On Saturday, March 28, 2009, close to one billion people in nearly 4000 cities across more than 80 countries came together for an event called Earth Hour. From the tiny Chatham Islands of New Zealand to the Palace of Westminster in London to the Golden Gate Bridge in San Francisco, the symbolic gesture of switching off lights for one hour, beginning at 8:30 pm local time wherever you were at in the world, was designed with the hope of sending a message to the United Nations Climate Change Conference in Copenhagen convening in December of 2009. And that message is very simple: With hundreds of millions of voices from around the world uniting behind a common desire, perhaps they – we – will help shape future government policies on climate change, as the Kyoto Protocol will be replaced in 2012.
Put another way, turning off your lights or the lights of a major landmark somewhere in the world was your way of voting. It was a Vote for Earth. Did you vote?
Below are just a few images from this remarkable event. In order, they are from Singapore, San Francisco, London, Athens and Chicago.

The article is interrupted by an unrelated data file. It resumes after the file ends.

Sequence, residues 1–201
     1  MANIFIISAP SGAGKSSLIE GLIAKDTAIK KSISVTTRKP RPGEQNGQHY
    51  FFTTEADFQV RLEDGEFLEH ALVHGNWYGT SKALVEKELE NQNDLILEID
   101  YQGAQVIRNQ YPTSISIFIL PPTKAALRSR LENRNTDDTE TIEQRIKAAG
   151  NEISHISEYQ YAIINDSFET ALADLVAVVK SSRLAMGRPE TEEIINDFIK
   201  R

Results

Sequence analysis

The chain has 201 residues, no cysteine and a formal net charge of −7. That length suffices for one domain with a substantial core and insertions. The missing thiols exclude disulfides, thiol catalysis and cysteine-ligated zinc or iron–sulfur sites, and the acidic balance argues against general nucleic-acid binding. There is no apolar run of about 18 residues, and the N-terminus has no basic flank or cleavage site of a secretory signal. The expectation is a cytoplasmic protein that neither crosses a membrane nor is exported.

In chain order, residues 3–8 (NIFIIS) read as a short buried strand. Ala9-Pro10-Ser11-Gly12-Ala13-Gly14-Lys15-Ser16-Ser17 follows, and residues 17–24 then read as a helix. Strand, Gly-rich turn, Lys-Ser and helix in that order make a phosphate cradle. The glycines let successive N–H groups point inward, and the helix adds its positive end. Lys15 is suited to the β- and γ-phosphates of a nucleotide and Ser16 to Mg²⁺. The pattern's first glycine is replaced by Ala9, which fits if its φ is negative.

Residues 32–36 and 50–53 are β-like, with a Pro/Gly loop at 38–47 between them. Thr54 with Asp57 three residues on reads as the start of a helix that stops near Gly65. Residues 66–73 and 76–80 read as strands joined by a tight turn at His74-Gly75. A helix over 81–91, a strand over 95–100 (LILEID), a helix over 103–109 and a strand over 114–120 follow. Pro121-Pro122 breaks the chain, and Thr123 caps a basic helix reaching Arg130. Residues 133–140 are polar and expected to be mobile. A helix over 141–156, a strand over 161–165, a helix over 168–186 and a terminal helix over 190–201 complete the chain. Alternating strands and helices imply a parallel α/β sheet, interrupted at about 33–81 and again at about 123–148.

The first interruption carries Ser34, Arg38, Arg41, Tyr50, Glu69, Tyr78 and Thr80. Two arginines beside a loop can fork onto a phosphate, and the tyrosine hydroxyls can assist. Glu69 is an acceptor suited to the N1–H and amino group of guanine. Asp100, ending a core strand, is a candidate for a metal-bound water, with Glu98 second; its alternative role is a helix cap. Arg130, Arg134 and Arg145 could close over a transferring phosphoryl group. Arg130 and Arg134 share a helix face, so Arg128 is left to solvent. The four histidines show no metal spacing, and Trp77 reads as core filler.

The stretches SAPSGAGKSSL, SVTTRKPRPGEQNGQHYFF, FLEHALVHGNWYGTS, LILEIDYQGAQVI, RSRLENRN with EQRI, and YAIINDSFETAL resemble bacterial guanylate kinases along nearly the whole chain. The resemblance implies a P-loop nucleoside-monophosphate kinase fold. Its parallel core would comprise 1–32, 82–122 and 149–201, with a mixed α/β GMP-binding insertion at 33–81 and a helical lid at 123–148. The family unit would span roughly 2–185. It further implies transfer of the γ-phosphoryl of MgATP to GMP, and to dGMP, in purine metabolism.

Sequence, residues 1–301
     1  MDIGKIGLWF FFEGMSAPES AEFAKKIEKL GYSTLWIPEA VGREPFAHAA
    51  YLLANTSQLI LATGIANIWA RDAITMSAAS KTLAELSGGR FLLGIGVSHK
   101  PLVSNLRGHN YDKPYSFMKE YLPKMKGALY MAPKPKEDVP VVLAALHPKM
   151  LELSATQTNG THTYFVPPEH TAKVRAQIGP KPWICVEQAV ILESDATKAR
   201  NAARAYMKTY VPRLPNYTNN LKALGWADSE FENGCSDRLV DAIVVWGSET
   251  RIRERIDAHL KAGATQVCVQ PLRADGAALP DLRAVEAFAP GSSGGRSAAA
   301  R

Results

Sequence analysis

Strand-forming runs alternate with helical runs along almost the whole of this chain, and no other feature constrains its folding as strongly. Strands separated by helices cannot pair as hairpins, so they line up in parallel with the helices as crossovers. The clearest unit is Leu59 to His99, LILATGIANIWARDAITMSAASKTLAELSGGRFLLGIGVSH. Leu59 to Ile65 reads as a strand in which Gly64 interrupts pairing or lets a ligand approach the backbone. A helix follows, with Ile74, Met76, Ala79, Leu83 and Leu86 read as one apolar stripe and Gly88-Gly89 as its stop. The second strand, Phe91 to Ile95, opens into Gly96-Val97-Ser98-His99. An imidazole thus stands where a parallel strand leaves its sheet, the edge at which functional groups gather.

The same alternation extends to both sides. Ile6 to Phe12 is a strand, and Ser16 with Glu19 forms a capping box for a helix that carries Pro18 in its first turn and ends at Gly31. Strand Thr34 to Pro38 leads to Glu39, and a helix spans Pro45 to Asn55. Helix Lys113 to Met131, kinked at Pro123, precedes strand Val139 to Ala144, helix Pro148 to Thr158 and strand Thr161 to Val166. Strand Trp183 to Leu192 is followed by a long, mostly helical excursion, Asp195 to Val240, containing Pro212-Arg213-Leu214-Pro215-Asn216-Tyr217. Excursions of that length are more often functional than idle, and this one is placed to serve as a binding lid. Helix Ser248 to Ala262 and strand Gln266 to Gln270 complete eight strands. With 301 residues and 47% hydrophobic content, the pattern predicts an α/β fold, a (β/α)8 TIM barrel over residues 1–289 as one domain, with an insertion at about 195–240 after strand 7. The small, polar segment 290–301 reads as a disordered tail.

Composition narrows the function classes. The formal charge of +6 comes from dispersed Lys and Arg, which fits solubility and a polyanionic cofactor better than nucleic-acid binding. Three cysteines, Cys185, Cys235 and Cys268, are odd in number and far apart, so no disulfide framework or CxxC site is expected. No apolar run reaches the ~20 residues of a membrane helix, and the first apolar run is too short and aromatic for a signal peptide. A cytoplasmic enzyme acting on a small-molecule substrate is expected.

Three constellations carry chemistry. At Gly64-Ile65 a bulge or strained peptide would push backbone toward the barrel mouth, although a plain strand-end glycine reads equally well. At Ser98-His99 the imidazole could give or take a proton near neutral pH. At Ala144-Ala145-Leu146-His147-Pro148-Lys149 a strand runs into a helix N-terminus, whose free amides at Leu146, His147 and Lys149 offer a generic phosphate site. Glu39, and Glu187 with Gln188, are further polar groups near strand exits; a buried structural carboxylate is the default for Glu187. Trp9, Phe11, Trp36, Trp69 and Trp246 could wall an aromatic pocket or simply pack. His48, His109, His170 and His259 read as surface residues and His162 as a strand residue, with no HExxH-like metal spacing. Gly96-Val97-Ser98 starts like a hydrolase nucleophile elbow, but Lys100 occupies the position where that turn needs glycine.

“All the darkness in the world can’t extinguish the light of a single candle.” St. Francis of Assisi.
If the light from a single candle represents faith, the lone tea light seems a fitting metaphor for what was one hour of darkness hoping to illuminate the path for our planet to head in a new environmental direction.
About the Author: Christopher Gabriel is the host of the cleverly named Christopher Gabriel Program on AM 970 WDAY in Fargo, North Dakota. You can hear him weekdays from 9 to Noon. As a writer and humorist, his work has been been published online by the Chicago Sun-Times, Reuters and publications within the Sun-Times News Group.